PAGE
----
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A Current Look at Managing HIV
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A Current Look at Managing HIV

William Short, MD, MPH, AAHIVS, discusses revisions to the US Department of Health and Human Services’ antiretroviral treatment guidelines and explores available treatment options for patients with HIV.


William Short, MD, MPH, AAHIVS: One of the things that’s happened in the latest iteration of the Department of Health and Human Services’ guidelines for antiretrovirals in adults and adolescents is that we now are finally seeing a shift to the use of integrase inhibitors as the primary modes of treatment for patients who are naïve to therapy. And that largely has to do with their efficacy, their tolerability for patients, as well as their [adverse] effect profile and drug-drug interaction profile.

That’sbeen the latest shift with the guidelines. And preferably within the integrase class, it’s been to those that we call unboosted, to eliminate those drug-drug interactions.

It really hasn’t limited our treatment options. What it’s done is, the guidelines follow with what’s best for the patient, and they take a look at all the data out there and see what’s most tolerable, what’s most efficacious for their patient, and therefore that shift has occurred as a result of that.

When you look through what’s recommended and preferred, and the way the guidelines have sort of shifted, is that what’s recommend for all patients living with HIV. And what you’ve seen is a shift to the use of 2 nucleoside reverse transcriptase inhibitors [NRTIs]. Largely lamivudine or emtricitabine, in combination with tenofovir-based regimen, and that would either be tenofovir disoproxil fumarate or tenofovir alafenamide, which is the newer version. And those are again going to be combined with either one of the integrase inhibitors. And largely, dolutegravir and bictegravir are the 2 listed as the preferred options. And when you look at why that’s chosen over maybe elvitegravir or raltegravir, it has to do with a couple of factors.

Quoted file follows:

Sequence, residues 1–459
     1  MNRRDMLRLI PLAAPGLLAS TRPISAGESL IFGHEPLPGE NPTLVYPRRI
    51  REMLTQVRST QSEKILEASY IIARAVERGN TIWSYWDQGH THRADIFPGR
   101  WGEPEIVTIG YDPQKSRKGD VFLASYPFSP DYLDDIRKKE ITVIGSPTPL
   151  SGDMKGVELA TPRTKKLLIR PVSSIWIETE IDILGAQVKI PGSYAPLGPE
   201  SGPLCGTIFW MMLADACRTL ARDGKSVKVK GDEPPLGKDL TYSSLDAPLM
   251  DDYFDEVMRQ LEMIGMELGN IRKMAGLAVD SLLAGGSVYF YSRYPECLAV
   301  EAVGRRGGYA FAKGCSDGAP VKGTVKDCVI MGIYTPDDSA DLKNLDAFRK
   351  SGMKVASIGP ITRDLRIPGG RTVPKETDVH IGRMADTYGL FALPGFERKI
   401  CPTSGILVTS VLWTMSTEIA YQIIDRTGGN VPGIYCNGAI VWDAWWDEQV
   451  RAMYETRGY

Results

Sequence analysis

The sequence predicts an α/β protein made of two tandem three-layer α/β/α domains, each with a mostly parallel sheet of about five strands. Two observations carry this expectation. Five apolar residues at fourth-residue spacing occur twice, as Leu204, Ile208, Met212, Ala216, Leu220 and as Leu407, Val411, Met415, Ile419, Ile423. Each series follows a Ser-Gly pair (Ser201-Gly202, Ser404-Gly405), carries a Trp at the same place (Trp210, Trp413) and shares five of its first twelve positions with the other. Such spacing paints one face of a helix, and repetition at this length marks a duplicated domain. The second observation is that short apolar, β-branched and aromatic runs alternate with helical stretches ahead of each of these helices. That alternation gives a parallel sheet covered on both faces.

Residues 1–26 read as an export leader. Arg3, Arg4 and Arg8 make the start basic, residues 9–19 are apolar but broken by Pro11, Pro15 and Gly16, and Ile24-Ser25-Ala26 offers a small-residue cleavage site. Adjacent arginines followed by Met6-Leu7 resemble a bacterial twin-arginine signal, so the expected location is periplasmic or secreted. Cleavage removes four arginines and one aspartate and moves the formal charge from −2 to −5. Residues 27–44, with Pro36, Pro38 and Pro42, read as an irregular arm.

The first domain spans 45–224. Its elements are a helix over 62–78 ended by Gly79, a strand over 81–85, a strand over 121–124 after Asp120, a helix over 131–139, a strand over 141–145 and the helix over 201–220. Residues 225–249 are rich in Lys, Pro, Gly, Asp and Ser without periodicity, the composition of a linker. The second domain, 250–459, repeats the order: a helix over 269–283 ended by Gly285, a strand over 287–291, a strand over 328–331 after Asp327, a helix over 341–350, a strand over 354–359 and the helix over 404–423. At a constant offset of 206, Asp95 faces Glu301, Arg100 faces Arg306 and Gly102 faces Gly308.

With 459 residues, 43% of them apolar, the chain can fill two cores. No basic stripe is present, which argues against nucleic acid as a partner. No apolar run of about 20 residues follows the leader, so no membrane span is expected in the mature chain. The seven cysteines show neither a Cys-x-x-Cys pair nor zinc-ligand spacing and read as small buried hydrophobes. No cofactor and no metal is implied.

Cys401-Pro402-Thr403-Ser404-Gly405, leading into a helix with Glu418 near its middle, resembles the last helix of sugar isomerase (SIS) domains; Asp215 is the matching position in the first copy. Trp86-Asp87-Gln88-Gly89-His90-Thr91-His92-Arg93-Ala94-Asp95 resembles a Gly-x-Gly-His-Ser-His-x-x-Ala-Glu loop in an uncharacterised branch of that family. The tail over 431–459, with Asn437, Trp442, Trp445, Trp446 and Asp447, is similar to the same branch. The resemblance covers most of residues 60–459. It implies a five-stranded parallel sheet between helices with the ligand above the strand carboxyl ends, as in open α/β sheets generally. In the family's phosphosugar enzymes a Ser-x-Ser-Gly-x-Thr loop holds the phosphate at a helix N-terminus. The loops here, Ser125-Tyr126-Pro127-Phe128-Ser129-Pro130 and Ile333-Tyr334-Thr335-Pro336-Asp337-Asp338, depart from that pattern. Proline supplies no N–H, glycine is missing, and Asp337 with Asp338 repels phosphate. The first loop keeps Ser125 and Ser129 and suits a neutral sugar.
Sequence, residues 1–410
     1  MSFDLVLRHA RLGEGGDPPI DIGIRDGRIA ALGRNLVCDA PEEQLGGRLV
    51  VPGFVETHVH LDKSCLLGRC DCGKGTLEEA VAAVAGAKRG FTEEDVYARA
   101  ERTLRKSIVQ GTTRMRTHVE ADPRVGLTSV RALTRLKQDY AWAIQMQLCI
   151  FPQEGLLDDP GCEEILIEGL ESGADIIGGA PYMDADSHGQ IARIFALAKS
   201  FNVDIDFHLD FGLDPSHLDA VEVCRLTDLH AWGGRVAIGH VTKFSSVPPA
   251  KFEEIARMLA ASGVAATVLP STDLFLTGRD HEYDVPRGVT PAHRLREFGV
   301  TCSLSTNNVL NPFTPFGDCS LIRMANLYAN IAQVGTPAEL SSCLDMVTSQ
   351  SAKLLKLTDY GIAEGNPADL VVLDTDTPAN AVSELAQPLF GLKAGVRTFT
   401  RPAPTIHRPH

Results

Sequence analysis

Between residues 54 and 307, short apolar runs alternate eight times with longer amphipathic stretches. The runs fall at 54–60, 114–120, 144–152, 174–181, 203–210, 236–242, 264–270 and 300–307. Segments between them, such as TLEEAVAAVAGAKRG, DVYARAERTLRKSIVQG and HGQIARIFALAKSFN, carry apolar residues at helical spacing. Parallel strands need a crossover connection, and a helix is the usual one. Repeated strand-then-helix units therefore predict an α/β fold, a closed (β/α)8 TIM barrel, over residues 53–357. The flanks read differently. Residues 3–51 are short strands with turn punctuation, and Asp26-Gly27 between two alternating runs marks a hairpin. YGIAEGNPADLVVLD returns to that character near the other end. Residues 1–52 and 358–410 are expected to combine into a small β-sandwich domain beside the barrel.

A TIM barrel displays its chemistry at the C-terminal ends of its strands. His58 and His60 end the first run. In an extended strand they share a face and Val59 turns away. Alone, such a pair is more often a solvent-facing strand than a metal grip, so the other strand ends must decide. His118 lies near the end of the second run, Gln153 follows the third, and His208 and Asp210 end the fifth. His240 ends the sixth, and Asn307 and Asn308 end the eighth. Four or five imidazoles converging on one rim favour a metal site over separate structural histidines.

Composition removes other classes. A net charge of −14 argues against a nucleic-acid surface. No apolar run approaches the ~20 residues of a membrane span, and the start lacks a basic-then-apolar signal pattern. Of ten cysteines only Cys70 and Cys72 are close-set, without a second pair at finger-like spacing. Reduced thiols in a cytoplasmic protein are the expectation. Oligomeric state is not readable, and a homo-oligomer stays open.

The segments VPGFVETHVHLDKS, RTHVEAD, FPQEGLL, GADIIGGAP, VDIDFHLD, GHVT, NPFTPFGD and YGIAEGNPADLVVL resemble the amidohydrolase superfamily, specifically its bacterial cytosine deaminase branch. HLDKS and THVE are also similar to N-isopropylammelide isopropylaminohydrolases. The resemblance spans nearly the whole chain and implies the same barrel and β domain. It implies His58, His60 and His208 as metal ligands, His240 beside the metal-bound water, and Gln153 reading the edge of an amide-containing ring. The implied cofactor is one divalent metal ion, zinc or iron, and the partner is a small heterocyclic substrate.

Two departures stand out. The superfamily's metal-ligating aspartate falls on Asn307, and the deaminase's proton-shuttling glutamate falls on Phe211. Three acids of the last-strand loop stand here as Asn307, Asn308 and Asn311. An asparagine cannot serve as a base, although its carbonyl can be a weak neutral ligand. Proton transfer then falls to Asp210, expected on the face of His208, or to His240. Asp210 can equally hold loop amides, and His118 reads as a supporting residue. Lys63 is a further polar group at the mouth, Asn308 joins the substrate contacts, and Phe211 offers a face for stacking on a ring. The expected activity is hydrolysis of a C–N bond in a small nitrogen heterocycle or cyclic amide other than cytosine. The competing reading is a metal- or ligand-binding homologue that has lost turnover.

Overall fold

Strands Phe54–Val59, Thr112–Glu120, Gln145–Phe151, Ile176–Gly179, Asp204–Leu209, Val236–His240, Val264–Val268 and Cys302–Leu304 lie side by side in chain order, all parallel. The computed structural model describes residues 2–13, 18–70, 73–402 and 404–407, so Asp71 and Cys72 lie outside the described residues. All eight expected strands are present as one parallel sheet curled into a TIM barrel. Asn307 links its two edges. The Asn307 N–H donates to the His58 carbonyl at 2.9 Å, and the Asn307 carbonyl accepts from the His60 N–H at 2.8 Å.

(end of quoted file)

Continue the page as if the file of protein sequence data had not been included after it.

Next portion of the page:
Raltegravir, just for example, is a great drug. It’s a great integrase inhibitor. The downside in using raltegravir is that it’s twice a day as opposed to a once-a-day regimen. And right now it’s not available in a fixed dose combination with others. So you are then looking at multiple pills a day, and a twice-a-day regimen.

Elvitegravir is another integrase inhibitor, what we call first-line integrase. It’s in combination with cobicistat, which is a booster. When you throw cobicistat into the mix, what you have to worry about then is GI [gastrointestinal] intolerance, GI issues, or drug-drug interactions. And as we have patients living longer with HIV, we know that they’re on other concomitant medications, and with that comes a potential for drug-drug interactions. So we try to avoid, if we can, using those booster agents, which could interfere.

What’s happened over time is protease inhibitors, which in 1996 were the first drugs approved that put a really big dent in the mortality and morbidity of people living with HIV, they were really the saviors at the time. And then over time things have changed and new drugs and new combinations have come about, largely being the integrase. Now protease inhibitors are still used, but they’re really used for certain key populations, largely being those where you’re unsure about their ability to adhere to a regimen. That’s where they come in first-line. And unfortunately the non-nukes [non-nucleosides] have fallen out of favor for a couple different reasons. One, our most common drug we used to use was Atripla, and that is coformulated with 2 NRTIs and an NNRTI [non-nucleoside reverse transcriptase inhibitor], and that NNRTI was efavirenz, and it was great in 2006 because it was the first single tablet regimen we had, so everybody wanted to be on that single tablet regimen.          

However, looking at the adverse effect profile, this was an issue. There was a lot of central nervous system adverse effects, dizziness, intolerance, sleep disorders. Patients had very vivid dreams. And then there was an analysis done that showed that there was double the rate, or a 2 fold increase in [risk of suicide] with that compound. So as a result, in the guidelines it was lifted off as a preferred option and the integrase was moved up. So when I look [at] what I’m prescribing, largely I’m prescribing integrase inhibitors for naïve patients. And then secondarily for certain situations, a protease inhibitor, and less likely use NNRTIs.

 
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